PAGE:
fresh startgreenspun.com : LUSENET : Repossession : One Thread
back in 1994, we handed our keys back due to redundancy and was subsequently repossessed. in 1997 we got a letter from abbey nationals solicitors(dibb, lipton and allsop) for £18,000 shortfall. we cleared an arrangement of £3,500 for the shortfall in 2000 and applied for the repo. notes to be removed from our credit history file . this done , we've just been accepted for a mortgage subject to final checks from abbey. Is there any reason for abbey not to give us a mortgage or will they still have our repo. on file and decline to a formal offer
-- chunky (email@example.com), March 27, 2002
I really do hope that AN do give you a formal offer, but I do fear that once they check on the register that the Council Of Mortgage Lenders Members subscribe to, and your 1994 repossession comes up, they will decline you.
Look at it this way, AN have let you off £14500 - your cards will have been well and truly marked that this was so - and you have gone back to the same lender for a new mortgage!!!!!!!
If AN decline you, you are going to have to look at non-status mortgages such as offered by GMAC/RFC and pay a few points above normal interest lending rates. So its not the end of the world and if you do get declined by AN and want some further info to contact GMAC, email me privately and I will give you the info.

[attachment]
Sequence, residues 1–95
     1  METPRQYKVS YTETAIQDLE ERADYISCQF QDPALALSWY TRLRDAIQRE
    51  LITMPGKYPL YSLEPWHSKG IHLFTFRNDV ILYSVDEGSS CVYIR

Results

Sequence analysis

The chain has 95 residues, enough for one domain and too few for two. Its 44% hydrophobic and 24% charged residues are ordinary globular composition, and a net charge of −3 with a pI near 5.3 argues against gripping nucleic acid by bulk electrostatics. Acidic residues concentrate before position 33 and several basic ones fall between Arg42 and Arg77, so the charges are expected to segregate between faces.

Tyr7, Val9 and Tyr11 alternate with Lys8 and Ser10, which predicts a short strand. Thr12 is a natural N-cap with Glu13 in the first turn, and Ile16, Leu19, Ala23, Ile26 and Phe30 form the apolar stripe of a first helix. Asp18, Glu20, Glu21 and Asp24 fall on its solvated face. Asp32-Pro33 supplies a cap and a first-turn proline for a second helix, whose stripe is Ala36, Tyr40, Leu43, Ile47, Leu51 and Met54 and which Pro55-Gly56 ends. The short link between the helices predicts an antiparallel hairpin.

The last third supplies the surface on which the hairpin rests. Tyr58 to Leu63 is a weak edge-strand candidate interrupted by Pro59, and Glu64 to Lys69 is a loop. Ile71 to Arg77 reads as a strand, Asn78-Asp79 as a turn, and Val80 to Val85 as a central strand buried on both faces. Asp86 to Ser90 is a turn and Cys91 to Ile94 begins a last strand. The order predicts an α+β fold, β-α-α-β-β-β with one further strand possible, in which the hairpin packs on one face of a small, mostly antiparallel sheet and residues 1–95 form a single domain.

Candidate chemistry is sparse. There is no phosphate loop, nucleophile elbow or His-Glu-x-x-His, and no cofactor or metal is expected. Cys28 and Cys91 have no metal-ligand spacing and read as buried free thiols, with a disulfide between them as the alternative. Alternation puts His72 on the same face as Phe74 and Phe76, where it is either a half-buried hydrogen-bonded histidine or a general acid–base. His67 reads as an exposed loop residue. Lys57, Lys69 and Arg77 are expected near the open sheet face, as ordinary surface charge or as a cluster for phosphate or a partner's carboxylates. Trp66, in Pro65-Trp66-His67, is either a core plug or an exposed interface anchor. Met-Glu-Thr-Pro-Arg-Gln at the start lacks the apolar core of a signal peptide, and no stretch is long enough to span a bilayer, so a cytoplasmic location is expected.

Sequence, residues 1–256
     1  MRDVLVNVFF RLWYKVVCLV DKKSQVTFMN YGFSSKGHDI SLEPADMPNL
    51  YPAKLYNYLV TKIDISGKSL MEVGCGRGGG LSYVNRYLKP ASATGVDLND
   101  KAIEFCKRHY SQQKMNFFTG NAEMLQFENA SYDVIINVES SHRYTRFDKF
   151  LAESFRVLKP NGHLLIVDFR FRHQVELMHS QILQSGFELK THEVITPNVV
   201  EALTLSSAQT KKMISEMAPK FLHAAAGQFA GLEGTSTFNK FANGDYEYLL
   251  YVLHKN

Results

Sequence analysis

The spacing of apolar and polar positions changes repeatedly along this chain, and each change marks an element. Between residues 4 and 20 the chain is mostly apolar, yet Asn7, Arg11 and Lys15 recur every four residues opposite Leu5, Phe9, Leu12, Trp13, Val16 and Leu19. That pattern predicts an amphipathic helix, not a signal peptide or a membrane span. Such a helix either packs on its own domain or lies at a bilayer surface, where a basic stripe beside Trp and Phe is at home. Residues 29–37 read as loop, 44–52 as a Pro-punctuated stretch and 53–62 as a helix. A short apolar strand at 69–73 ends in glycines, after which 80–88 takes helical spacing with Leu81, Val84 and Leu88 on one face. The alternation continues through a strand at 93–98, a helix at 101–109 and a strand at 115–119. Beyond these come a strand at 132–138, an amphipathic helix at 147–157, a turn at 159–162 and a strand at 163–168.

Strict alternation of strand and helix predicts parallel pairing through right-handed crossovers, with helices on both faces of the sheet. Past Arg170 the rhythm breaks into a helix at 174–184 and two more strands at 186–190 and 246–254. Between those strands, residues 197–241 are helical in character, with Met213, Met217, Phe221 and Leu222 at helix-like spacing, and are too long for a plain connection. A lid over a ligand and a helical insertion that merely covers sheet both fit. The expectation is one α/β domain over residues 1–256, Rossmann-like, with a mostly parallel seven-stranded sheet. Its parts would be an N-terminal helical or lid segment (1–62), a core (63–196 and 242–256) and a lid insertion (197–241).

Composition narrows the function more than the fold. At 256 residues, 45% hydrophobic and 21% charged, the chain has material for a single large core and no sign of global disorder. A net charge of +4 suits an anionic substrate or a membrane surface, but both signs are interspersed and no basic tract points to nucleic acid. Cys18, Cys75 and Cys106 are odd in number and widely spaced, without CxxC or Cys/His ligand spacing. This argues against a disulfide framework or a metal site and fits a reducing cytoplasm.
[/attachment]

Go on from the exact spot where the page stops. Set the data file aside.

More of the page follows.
-- David J. Button (firstname.lastname@example.org), March 30, 2002.
It is remotely possible that you will not be on the list. Some (not all) voluntary repo's seemed to miss it if they were before 1996. I wish you luck.
-- Too scared to say (email@example.com), March 30, 2002.
If they should decline you a mortgage dont worry there are plenty of other high street banks and building societies who will take you on. Im on my second mortgage since repossession, no questions asked!
-- Daren Otsay (firstname.lastname@example.org), March 31, 2002.
There are many lenders you can approach - personally I would make A.N."off" the list or a desperate last measure. I don't suppose for one minute that they've let you off any money that you REALLY owed them - possibly a 'false shortfall' amount and that's your lot.
Ignore the dire warnings of Job's Comforter - at least he hasn't advised you to go bankrupt, which is his norm. Good luck, Joy
-- Joy Harker (email@example.com), March 31, 2002.
Hi Andy, further to your email it was A.N. (who i would not bother with)And HSBC. It was Nationwide who i originally had first mortgage with and was repossessed back in 1992.
-- Daren Otsay (firstname.lastname@example.org), April 01, 2002.